In developing nations, 214 million women want to prevent pregnancy but have no contraception.

In Developing Nations, 214 Million Women Want to Prevent Pregnancy But Have No Contraception

In Developing Nations, 214 Million Women Want to Prevent Pregnancy But Have No Contraception

The XX Factor
What Women Really Think
June 29 2017 2:33 PM

In Developing Nations, 214 Million Women Want to Prevent Pregnancy But Have No Contraception

ZIMBABWEHEALTHAIDS
A customer chooses a pack of condoms in a pharmacy in the Zimbabwean capital of Harare in 2015.

Jekesai Njikizana/AFP/Getty Images

About 214 million women of reproductive age in developing nations want to postpone or prevent pregnancy but are not using modern contraception, according to a study from the Guttmacher Institute published Thursday. This represents one-quarter of all such women who want to avoid pregnancy, a substantial decrease from the 225 million women in developing regions estimated to have unmet contraceptive needs in 2014.

Christina Cauterucci Christina Cauterucci

Christina Cauterucci is a Slate staff writer.

These women, the majority of whom live in Southern Asia and sub-Saharan Africa, account for 84 percent of all unintended pregnancies in developing countries. If they had access to contraception, Guttmacher estimates, unintended pregnancies in these regions would shrink from 89 million to 22 million per year, and induced abortions would drop from 48 million to 13 million per year.

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Currently, supplying the 671 million women who use modern contraceptive methods in developing regions costs $5.5 billion a year, about 88 cents per woman. To close the 214 million–woman gap, which includes 59 million women who use traditional methods such as the rhythm method or withdrawal, donor governments and health organizations would have to double that figure.

But that’s nothing compared to the costs of letting hundreds of women who want to avoid pregnancy go without adequate contraceptive care. Guttmacher estimates that for each dollar invested in expanded contraception access, global health funds would save $2.30 that would have otherwise been spent on care for unintended pregnancies.

Contraception access is essential to both women’s personal economic security and the economic solvency of developing countries. It’s impossible to address global poverty without giving women the ability to prevent or space out pregnancies, allowing them to earn and save more money, give their children better education opportunities, and depend less on government assistance. “No country in the last 50 years has emerged from poverty without expanding access to contraceptives,” the Gates Foundation noted in its annual letter earlier this year.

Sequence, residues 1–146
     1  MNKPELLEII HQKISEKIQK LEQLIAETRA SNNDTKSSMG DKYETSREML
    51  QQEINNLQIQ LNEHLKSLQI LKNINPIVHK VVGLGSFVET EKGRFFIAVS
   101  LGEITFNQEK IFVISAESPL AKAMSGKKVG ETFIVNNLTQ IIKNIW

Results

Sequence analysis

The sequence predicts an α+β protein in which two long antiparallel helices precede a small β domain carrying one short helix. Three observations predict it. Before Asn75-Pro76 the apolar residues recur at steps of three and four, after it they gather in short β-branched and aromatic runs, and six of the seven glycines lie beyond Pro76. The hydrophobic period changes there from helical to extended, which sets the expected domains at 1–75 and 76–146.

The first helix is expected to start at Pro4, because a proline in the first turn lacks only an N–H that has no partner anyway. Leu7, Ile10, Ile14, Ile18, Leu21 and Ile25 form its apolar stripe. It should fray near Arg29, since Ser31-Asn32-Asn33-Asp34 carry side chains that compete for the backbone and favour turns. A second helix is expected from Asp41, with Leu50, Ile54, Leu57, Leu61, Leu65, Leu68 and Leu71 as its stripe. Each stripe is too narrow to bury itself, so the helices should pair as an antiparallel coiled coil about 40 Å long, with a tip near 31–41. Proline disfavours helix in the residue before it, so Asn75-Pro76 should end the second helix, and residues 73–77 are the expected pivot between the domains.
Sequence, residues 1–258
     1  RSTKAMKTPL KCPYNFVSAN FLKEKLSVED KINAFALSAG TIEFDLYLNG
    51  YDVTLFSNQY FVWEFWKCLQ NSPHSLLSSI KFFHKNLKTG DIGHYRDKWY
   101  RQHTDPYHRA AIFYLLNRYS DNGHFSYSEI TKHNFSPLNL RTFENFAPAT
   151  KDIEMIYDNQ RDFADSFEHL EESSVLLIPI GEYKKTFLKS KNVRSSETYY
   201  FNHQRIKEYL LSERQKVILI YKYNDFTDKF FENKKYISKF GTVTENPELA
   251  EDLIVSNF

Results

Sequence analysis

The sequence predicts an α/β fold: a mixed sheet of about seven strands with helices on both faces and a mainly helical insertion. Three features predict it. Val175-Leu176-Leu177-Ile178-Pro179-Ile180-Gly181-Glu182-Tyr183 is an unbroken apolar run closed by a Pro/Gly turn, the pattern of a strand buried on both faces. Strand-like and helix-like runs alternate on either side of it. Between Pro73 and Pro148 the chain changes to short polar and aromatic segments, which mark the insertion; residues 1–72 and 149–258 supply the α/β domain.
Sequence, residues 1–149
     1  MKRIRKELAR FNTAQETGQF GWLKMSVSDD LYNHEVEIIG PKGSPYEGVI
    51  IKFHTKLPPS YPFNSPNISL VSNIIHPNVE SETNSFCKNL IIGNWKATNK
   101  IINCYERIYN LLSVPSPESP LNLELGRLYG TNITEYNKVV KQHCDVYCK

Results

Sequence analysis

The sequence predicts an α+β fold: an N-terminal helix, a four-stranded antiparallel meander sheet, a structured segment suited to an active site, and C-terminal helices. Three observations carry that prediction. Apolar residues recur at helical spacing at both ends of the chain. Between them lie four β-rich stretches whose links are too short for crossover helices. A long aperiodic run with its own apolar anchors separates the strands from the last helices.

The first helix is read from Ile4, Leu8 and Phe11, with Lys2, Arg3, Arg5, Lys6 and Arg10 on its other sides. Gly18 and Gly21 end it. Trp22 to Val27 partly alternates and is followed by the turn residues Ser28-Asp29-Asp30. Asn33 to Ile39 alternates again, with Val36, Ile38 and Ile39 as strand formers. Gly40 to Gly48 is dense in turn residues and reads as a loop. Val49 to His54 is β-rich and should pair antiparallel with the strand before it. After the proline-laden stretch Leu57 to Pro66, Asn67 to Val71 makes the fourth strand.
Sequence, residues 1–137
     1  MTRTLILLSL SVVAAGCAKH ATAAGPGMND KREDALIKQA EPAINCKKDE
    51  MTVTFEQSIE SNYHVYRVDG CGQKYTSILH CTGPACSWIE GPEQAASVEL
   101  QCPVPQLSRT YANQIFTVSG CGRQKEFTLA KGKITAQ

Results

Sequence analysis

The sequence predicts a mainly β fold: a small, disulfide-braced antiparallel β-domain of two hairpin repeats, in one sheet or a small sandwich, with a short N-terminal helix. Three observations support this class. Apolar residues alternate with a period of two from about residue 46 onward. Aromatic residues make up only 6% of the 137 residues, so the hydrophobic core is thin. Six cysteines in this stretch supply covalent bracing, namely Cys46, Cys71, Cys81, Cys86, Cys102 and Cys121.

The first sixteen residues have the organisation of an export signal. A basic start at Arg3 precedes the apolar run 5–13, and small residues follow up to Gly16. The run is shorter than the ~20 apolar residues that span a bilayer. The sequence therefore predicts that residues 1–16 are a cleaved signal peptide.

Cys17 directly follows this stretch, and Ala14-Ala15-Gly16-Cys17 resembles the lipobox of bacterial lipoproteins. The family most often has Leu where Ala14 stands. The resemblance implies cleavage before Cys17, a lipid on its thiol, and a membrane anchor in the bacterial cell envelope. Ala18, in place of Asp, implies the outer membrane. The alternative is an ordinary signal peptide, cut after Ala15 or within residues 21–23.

Lack of access to birth control also has dire consequences for the health and survival of women and infants. When women can space out their pregnancies by at least three years, their children are twice as likely to live to see their first birthdays and their bodies are better able to endure the strains of pregnancy and childbirth. Contraception allows young women to postpone pregnancy until their bodies are fully developed, too. The Guttmacher report states that, with fully met contraceptive need in developing regions, an estimated 76,000 fewer women would die from childbirth-related causes each year.

The Trump administration is currently doing all it can to stymie global efforts toward better contraceptive access and maternal health care. Previous Republican presidents have cut U.S. family-planning aid from all foreign organizations that so much as discuss abortion with the people they serve, but Trump has expanded the so-called global gag rule to cover all U.S. foreign aid: $8.8 billion, including funds that go toward HIV/AIDS prevention and child health programs. Since the U.S. is the world’s largest government provider of global health aid and provides an enormous proportion of the developing world’s contraceptive supplies, millions of women who currently rely on reproductive health organizations funded by U.S. aid will lose access to their means of preventing pregnancy.

We can confidently predict the catastrophic outcome of Trump’s beefed-up global gag rule by looking at substantial historical precedent. After George W. Bush signed a global gag rule with a smaller scope in 2001, rates of unintended pregnancy and abortion spiked in sub-Saharan Africa, where women had previously depended on U.S.-funded contraception. Sixteen developing countries around the world lost access to all their USAID-funded contraceptives, because they were distributed through the International Planned Parenthood Federation, which provides abortion care. Millions were forced to resort to less effective traditional methods of birth control, or none at all. These women lost their reproductive autonomy, their ability to determine the courses of their own lives, and their best shot at greater economic independence—all for a feel-good moment for the U.S. GOP.